Studying Phenology with Time-Lapse

Studying Phenology with Time-Lapse

Last spring I wrote about introducing phenology to children and how to incorporate it into their nature journaling practice.  It is such an effective way to for anyone to connect with and deepen understanding of the activities and cycles of nature.  It engages children’s curiosity and promotes skills of observation and inquiry.  Children are, in essence, conducting their own research: they study changes and consistencies over time, make predictions based on their collected observations, and communicate them in their journals.

A great way to make it a family activity is to become citizen scientists together.  Here are some sites to explore:

Another fun way to incorporate phenology into nature study and journaling is to create a time-lapse project.  It has certainly peaked my children’s interests and is adding an extra element of fun and anticipation to their nature study.  These two short videos are quite inspiring:

 Monarch butterfly emerging

Dandelion flower

To get started, decide as a family on a project that will take place over a relatively short time period such as capturing a seedling growing or a flower blooming.  Take at least one photo per day as soon as there is a hint of plant growth or a flower bud.  You may even want to take two per day as changes can happen quickly.  You could also choose to do a long-term project such as capturing the changes of a particular tree throughout the seasons.  For a project like this I would suggest taking one photo per week, at about the same time of day if possible, throughout the year.  Mark your calendar with a note or camera symbol to help you remember.  Enable your child to do the photographing.  Don’t worry about things being perfect.  It is more important that your child is engaged and feels a sense of ownership.  If you must do the photographing just be sure that your child is with you.  Look closely together and discuss your observations.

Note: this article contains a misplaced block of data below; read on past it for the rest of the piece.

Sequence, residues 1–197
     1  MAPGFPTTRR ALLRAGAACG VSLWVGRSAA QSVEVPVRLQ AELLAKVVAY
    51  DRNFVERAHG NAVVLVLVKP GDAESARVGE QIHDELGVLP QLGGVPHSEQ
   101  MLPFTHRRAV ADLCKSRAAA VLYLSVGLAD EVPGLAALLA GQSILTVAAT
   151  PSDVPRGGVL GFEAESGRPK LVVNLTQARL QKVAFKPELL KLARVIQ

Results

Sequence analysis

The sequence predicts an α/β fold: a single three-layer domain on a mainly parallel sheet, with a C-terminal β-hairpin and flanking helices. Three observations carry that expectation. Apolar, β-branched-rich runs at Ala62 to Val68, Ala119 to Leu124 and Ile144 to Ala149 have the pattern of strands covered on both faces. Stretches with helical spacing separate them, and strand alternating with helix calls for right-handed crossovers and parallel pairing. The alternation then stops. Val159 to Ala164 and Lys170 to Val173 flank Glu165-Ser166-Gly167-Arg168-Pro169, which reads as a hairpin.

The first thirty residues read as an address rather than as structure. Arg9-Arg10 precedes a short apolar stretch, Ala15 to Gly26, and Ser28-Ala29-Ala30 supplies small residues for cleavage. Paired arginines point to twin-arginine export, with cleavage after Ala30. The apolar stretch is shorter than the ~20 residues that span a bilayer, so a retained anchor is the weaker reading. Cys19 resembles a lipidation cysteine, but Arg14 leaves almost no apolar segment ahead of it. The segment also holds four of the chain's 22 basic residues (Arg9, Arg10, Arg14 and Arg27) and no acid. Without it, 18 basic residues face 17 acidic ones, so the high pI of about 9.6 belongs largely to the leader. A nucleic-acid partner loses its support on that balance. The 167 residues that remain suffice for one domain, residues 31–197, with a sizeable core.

Studying Phenology with Time-lapse

No matter how long of a project you and your child embark on there are some basic requirements:

  1. Mark your subject with a ribbon or other removable marker if it is not easily locatable.  You want to be sure to photograph the exact same plant, flower, branch, etc.
  2. Use a tripod.
  3. Frame up the photo as consistently as possible.
  4. Edit your photos for even more consistency.

Now, you could stop here.  Print out the photos, paste in sequence into a nature journal, and label each with the date and observations.  It would be a meaningful addition to any nature study.  You could also use the photos to create your own video.  You will need an application like iMovie, QuickTime Pro, or PhotoLapse.  There are also apps for your smartphone.  Just remember that the video examples above are done by an expert in a controlled studio environment.  The video you and your child create will probably have a choppy effect and a bit of a flicker due to lighting differences.  That’s okay.  Remember that the point of the project is to capture the changes of your subject over time and create a visual to accompany your child’s phenology study.

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